[German version] (Ἀναξανδρίδης; Anaxandrídēs). An Attic writer of comedies from Rhodes or [1. test. 1] Colophon (apparently he also produced dithyrambs [1. test. 2]), of whom, thanks to IGUR 218 [1. test. 5], more exact dates are known than of any other of his rivals: from this inscription it is clear that A. was an active theatre poet at least between 376 and 349 BC and also in the years in-between frequently performed; even earlier was the Protesilaus, which reflects the great wedding of the Athenian general Iphicrates to a Thracian princess (an event of the early 380s…

Phormis

(107 words)

Author(s): Nesselrath, Heinz-Günther (Göttingen)
[German version] (Φόρμις/ Phórmis) or Phormus (Φόρμος/ Phórmos in Ath. 14,652a; Them. Or. 27 p. 337b; Suda ε 2766, φ 609 = [1. test. 1]). P. was a Syracusan, and like his contemporary Epicharmus, a poet of comic dramas, allegedly also tutor to the sons of the tyrant Gelon [1. test. 1]. This, however, may rest upon a confusion with a military commander of the same name (Paus. 5,27,1 and 7). Aristotle declares P. and Epicharmus inventors of the coherent comic plot [1. test. 2]. The seven plays ascribed to him (no fragments survive) seem to have dealt with mostly mythical subjects. Nesselrath, Hein…

Evages

(47 words)

Author(s): Nesselrath, Heinz-Günther (Göttingen)
[German version] (Εὐάγης; Euágēs). Comic poet, life dates unknown, from the island of Hydrea (near Troezen). It is supposed that E. started out as an uneducated shepherd, but then turned into a comic poet of good repute [1. test.]. Nesselrath, Heinz-Günther (Göttingen) Bibliography 1 PCG V, 183.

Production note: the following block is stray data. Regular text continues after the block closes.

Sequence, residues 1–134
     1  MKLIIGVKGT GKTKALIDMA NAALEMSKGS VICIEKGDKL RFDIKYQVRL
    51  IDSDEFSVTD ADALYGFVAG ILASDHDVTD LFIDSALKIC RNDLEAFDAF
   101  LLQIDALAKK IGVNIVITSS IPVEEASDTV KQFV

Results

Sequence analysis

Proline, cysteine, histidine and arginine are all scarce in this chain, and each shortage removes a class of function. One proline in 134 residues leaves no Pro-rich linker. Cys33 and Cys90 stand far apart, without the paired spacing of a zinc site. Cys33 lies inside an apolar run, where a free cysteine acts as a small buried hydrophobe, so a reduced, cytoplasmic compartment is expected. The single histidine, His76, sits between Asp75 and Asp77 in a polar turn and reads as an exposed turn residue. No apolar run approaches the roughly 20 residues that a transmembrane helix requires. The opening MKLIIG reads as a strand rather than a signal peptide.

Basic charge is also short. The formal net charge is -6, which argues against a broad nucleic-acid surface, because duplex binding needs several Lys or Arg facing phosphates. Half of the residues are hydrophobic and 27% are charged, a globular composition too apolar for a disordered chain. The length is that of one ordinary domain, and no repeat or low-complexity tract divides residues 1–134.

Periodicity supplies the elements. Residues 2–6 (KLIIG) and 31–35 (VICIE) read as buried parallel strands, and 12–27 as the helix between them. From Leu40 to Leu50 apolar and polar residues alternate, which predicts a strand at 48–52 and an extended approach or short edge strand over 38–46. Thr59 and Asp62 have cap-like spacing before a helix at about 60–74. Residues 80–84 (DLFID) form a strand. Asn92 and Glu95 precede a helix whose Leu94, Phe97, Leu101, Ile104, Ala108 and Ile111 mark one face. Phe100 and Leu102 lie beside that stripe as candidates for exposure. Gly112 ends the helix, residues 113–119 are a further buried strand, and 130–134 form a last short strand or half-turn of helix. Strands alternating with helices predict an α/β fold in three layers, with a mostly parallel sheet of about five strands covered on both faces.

Chariclides

(55 words)

Author(s): Nesselrath, Heinz-Günther (Göttingen)
[German version] Writer of comedies in the 3rd cent. BC (cf. the not entirely compelling epigraphical evidence [1. test.]), of which the sole surviving fragment consists of a -- textually uncertain -- invocation of Hecate in versus paroemiaci (from Halysis, ‘The Chain, ‘The Magical Bond?). Nesselrath, Heinz-Günther (Göttingen) Bibliography 1 PCG IV, 1983, 70f.

Canticum

(467 words)

Author(s): Nesselrath, Heinz-Günther (Göttingen)
[German version] In the Plautus manuscripts, all scenes in a metre other than the iambic senarius were headed canticum (re exceptions see [3. 220, note]), i.e. all parts accompanied by music (cf. Plaut. Stich. 758-768: while the flute player had a break for a drink, the metre changed to the senarius). Canticum therefore also includes parts that consisted of trochaic and iambic septenarii and octonarii arranged side by side and was generally understood as recitatives (cf. however [3]); canticum in the narrower sense (described by Donat. comm. Adelph. praef. 1,7 as MMC = Mutatis Modis Ca…